Churches of the Southside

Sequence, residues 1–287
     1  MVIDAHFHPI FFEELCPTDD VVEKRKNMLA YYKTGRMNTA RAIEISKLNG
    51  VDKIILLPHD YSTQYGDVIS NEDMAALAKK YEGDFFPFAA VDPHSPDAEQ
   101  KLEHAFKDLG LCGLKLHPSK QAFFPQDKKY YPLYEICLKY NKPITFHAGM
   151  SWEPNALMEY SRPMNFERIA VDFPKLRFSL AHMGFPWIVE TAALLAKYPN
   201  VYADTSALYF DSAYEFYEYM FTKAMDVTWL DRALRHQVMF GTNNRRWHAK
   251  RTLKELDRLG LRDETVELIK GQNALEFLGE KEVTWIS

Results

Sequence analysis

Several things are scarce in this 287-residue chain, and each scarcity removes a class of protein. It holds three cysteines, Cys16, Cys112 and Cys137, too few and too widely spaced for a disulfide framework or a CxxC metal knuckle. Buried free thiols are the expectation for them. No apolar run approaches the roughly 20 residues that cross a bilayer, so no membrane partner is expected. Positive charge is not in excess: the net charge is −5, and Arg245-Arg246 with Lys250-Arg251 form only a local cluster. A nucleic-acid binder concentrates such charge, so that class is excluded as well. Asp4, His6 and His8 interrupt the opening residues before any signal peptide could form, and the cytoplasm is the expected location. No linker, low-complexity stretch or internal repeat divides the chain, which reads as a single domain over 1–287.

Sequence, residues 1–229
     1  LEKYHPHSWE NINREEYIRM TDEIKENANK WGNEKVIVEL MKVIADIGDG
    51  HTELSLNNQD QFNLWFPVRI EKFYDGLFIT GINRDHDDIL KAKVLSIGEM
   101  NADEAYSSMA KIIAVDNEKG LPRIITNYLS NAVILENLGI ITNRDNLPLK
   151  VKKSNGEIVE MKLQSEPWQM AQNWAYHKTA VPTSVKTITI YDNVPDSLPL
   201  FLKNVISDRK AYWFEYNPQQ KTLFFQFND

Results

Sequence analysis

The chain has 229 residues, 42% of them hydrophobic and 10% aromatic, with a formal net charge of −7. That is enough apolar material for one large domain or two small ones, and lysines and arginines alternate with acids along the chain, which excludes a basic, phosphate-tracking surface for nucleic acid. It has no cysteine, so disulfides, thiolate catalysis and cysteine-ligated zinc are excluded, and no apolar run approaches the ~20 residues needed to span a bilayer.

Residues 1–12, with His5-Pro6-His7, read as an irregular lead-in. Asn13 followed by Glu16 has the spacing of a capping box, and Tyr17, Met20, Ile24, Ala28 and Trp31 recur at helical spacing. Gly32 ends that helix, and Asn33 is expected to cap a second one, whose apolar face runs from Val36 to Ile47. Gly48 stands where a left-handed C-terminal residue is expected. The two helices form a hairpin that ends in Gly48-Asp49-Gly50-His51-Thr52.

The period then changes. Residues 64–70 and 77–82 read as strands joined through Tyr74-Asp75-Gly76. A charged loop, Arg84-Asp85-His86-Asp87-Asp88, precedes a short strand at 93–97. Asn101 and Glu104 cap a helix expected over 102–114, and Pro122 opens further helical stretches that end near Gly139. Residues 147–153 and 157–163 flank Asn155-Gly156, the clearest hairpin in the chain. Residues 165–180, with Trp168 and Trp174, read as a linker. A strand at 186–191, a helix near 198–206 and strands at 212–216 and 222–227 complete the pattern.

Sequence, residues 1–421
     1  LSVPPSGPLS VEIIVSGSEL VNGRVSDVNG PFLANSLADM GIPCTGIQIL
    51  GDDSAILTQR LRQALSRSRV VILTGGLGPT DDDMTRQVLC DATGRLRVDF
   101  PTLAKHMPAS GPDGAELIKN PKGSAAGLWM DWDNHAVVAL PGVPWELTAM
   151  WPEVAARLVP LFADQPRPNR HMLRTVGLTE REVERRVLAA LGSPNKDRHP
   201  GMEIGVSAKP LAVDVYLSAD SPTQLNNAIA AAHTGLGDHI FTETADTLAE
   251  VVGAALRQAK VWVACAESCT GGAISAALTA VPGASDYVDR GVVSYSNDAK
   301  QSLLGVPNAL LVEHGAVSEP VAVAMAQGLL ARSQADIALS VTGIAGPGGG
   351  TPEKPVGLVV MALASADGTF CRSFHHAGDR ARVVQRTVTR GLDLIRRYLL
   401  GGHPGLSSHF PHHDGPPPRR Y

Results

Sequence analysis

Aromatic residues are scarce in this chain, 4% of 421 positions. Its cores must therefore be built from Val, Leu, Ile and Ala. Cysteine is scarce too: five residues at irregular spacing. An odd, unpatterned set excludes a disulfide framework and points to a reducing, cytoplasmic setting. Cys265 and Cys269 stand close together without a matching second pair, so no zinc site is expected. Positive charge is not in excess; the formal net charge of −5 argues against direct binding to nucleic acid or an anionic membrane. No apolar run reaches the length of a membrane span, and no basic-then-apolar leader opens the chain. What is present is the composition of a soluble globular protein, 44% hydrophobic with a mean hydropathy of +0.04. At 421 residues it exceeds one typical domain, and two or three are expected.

When Concepcion was 22 years old, she was engaged to a young man, who happened to be the priest at her church. In order to get married, her fiancé, Javier Bosque, havd to go through an intense process to make certain that he was certain in his decision to leave the priesthood. It was not this process, which involved being separated for an extended duration of time, that Concepcion recalls as being the most difficult. Instead, she remembers  all of the gossiping that took place in the community about her relationship with Javier. She stated “Not only it was marrying a priest, but my church is like three blocks from here. I live three blocks from South 2nd I work right here in South 4th. So in this little corner I made my life. It was very hard because a lot of the people that worked here went to my church. So it was very tense, and people didn’t even talk to me after.” This interaction reveals a few things about both the community as well as Concepcio; A highly valued and strong sense of community in the Southside came from the church. When later asked in the interview if she still felt a sense of community, she said yes, mainly because of the church. Concepcion has been a member of Transfiguration Roman Catholic Church at 263 Marcy Avenue, where she has fostered and maintained a great sense of solidarity with the congregation.